Monday, March 01, 2010

Monologue - It's War! Or is It?

Jose here.

What better way to kick start Oscar week than with a call to battle by one of the greatest performances of all time? George C. Scott as Gen. George S. Patton Jr.

When Patton begins, the General reminds his soldiers that,

No bastard ever won a war by dying for his country. He won it by making the other poor, dumb bastard die for his country.

After taking hold of your attention with this impressive statement he continues affirming that

Americans, traditionally, love to fight. All real Americans love the sting of battle.

When you were kids you all admired the champion marble shooter, the fastest runner, big league ball player, the toughest boxer. Americans love a winner and will not tolerate a loser. Americans play to win all the time. I wouldn't give a hoot in hell for a man who lost and laughed. That's why Americans have never lost and will never lose a war, because the very thought of losing is hateful to Americans.

Seen under a modern perspective the speech might come off as looking either awe inspiring or psychotic. Those very words very well could represent the moral ambiguity some think is lacking at the center of this year's The Hurt Locker.
The effect after all is the same; you either agree or disagree.

Even if the film is set in WWII, the speech has become a timeless symbol of pro and anti war movements. At the time of its original release this sequence cause such a stir that soldiers-home from Vietnam-would stand up to attention and salute the screen as Scott addressed them and you need do nothing more than to browse YouTube to see how it's deformed, reshaped and parodied by fans who use it to reference the Middle East conflict, Obama's political campaign and self reflections on the state of the American psyche.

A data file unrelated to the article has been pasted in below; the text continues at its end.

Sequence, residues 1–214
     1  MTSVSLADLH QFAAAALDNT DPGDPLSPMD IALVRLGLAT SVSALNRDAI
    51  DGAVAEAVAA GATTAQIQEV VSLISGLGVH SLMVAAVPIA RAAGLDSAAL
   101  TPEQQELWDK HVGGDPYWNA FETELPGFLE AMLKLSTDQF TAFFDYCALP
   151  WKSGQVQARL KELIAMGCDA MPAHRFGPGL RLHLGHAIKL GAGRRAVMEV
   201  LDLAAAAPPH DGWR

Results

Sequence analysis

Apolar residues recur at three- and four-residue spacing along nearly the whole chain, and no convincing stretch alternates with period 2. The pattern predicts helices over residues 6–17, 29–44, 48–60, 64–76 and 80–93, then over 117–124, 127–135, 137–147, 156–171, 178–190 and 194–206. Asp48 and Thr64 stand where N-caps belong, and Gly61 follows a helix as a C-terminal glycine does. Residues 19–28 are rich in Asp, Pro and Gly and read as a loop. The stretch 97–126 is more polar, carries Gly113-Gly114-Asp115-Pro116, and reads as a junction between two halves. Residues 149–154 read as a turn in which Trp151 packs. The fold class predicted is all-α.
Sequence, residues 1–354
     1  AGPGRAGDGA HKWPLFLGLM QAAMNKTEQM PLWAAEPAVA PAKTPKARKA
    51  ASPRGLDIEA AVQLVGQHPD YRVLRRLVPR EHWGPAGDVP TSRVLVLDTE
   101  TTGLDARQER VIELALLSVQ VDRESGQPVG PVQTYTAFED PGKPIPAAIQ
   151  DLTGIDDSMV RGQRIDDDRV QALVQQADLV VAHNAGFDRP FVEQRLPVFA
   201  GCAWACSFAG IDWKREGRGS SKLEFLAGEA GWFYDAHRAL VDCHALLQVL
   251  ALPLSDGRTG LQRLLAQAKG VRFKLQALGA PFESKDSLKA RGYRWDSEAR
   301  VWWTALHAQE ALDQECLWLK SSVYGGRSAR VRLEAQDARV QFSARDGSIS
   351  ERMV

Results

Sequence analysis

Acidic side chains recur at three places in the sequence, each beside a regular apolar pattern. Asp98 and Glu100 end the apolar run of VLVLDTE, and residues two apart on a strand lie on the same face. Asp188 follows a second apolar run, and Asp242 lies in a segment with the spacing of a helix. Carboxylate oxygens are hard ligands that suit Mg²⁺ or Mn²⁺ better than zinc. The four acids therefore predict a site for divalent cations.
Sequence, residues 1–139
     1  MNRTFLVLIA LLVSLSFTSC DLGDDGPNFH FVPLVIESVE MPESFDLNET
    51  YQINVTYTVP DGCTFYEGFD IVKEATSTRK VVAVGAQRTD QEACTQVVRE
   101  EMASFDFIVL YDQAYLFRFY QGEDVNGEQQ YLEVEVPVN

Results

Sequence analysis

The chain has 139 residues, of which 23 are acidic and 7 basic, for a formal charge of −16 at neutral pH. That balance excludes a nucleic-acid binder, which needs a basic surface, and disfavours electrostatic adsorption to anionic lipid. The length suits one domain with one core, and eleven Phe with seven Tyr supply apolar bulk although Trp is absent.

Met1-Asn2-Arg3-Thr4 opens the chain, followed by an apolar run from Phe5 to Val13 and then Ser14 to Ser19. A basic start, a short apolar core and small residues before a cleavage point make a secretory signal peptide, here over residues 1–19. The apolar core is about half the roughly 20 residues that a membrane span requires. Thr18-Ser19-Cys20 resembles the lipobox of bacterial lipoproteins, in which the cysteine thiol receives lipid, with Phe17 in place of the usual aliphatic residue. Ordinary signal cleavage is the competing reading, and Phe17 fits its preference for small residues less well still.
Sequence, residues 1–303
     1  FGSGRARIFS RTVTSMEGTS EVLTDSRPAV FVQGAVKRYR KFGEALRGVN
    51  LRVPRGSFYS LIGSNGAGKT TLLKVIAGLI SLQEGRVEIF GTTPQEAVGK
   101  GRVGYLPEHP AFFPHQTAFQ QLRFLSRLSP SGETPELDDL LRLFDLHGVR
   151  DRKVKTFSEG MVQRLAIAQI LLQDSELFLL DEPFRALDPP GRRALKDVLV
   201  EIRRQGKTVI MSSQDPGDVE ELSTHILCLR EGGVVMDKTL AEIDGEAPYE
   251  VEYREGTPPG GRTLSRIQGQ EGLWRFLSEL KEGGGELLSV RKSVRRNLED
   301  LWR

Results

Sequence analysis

Towards the end of the speech though we are reminded that this man was above all a brilliant leader disguised as a reckless army General.

He finishes by saying:

Alright, now you sons-of-bitches, you know how I feel. Oh... I will be proud to lead you wonderful guys into battle anytime, anywhere.

Without the need of being too obvious he reveals his humanity and compassion towards the troops without hiding his demigod-ness within the army.

Scott rightfully won the Academy Award for Best actor, in a slightly controversial Oscar win (he used to call the Oscars a "meat parade") and entering into the days leading to the big battle, it's nice to put everything in perspective.

There are far too many problems in the world, to take a bunch of movie awards we rarely agree with, so seriously. Right?
So why not just breathe and bash in their ability to entertain us, they have always succeeded at it.

At ease.


Casey said...

before football games in high school everybody sat and got completely silent and we'd play this speech. we made it so loud that it was impossible to think of anything else. rousing stuff

Luke said...

Oh, Patton. Thanks to my WWII vet grandfather's love of this movie (and to Mr. Scott), I learned some brand new words from this monologue. :)

W.R. said...

Great write-up. Have never seen this performance, now I think I will. :) said...

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monkey101 said...

I wonder if the academy can change the winner of the best actress winner at the last minute. Because Sandra and Meryl are not worthy if Gabourey Sidibe who should win.

G1000 said...

Possibly the greatest lead acting performance I've ever seen. The movie itself was overlong and bloated, but Scott was absolutely brilliant.

brandz said...

excellent write-up, Nate. i recently just saw this film for the first time. George C. Scott was outstanding. what a character!

Carl said...

Thanks, Jose - nice to see my favorite male performance of all time get some love. Unlike others, I also love the movie, bloated or no.

As famous as the opening monologue is, I have a soft spot for the closing monologue. Patton is quietly describing the ancient Roman tradition of the Triumph, in a scene that is as opposite to the opening as it is possible to create. I can still hear the closing words, "...that all glory is fleeting." After an entire movie where he is a bombast, a genius, and a cauldron of ill-concealed rage, we are left at the last with a great man who is quietly, and stunningly, vulnerable.

Chris Na Taraja said...

Don't usually like "War" movies, but just saw THE HURT LOCKER, and that was amazing. I think it will win best film.

Yancey said...

I've never seen this film and I have the DVD at home for it. I really should get on that eventually, especially for Scott's performance.